If you use your car for things that are usually tax deductible, you're not going to like this.
The Internal Revenue Service (IRS) is cutting the 2016 optional standard mileage rates used to calculate the deductible costs of operating an automobile for business, charitable, medical, or moving purposes.
Starting January 1, the standard mileage rates for the use of a car (also vans, pickups, or panel trucks) will be:
- 54 cents per mile for business miles driven -- down 3.5 cents from 2015.
- 19 cents per mile driven for medical or moving purposes -- down four cents from 2015.
- 14 cents per mile driven in service of charitable organizations. The charitable rate is based on statute.
According to the tax agency, the standard mileage rate for business is based on an annual study of the fixed and variable costs of operating an automobile. The rate for medical and moving purposes is based on the variable costs.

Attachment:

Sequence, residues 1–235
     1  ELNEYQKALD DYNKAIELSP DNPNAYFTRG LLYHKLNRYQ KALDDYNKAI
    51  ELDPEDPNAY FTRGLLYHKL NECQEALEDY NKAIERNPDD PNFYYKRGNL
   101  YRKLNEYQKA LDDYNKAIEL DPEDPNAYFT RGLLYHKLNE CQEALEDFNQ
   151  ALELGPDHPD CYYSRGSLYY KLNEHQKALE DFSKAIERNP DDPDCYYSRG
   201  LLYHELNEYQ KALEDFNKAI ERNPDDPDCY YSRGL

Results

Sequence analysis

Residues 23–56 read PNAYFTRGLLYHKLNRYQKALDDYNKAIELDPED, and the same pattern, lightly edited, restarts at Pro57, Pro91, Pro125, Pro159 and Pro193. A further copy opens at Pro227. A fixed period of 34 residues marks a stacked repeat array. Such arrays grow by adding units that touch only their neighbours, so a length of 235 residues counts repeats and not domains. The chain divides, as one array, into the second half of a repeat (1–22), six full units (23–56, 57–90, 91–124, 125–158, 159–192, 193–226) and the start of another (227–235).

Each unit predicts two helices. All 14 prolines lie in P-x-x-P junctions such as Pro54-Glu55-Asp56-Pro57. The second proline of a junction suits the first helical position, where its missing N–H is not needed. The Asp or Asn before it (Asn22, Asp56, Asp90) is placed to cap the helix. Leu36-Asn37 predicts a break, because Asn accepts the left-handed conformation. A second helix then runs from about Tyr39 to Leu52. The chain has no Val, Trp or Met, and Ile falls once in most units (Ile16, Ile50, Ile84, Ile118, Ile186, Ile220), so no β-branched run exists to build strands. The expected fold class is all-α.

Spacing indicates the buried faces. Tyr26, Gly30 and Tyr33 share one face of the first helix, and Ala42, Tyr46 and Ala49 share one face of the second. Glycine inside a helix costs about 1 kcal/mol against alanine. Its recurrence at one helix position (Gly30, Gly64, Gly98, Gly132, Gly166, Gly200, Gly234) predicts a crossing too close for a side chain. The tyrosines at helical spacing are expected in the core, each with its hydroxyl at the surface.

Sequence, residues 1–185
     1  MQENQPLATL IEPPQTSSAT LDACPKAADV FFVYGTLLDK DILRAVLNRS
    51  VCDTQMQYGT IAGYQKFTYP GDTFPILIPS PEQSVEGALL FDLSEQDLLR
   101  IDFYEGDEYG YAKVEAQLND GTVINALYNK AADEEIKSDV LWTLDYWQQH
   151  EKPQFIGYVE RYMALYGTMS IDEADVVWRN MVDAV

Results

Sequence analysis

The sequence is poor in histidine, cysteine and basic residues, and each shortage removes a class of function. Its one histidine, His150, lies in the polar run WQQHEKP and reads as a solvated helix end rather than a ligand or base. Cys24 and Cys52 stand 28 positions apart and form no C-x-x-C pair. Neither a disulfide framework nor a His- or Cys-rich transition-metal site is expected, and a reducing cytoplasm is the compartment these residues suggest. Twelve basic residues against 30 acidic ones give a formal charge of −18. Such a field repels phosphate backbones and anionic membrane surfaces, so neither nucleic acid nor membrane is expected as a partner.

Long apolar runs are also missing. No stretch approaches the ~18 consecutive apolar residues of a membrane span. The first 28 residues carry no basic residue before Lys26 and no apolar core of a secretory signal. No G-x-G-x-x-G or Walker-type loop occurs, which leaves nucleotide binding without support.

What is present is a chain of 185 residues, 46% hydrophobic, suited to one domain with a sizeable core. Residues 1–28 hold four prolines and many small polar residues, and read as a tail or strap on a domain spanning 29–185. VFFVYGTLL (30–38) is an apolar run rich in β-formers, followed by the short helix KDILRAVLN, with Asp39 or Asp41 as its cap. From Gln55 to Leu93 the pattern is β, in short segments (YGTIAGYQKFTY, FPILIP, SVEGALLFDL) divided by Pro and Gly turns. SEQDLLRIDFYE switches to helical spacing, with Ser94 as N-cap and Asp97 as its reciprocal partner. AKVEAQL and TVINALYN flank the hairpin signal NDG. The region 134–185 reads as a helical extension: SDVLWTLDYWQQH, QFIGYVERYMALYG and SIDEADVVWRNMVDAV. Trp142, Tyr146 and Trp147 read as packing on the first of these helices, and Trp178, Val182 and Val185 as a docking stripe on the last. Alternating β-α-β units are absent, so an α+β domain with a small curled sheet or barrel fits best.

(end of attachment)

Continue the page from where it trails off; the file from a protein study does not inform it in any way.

You have options
Keep in mind, though, that you always have the option of calculating the actual costs of using your vehicle rather than using the standard mileage rates.
A taxpayer may not use the business standard mileage rate for a vehicle after using any depreciation method under the Modified Accelerated Cost Recovery System (MACRS) or after claiming a Section 179 deduction for that vehicle.
In addition, the business standard mileage rate cannot be used for more than four vehicles used simultaneously.
These and other requirements for a taxpayer to use a standard mileage rate to calculate the amount of a deductible business, moving, medical, or charitable expense are in Rev. Proc. 2010-51.
Notice 2016-01 contains the standard mileage rates, the amount a taxpayer must use in calculating reductions to basis for depreciation taken under the business standard mileage rate, and the maximum standard automobile cost that a taxpayer may use in computing the allowance under a fixed and variable rate plan.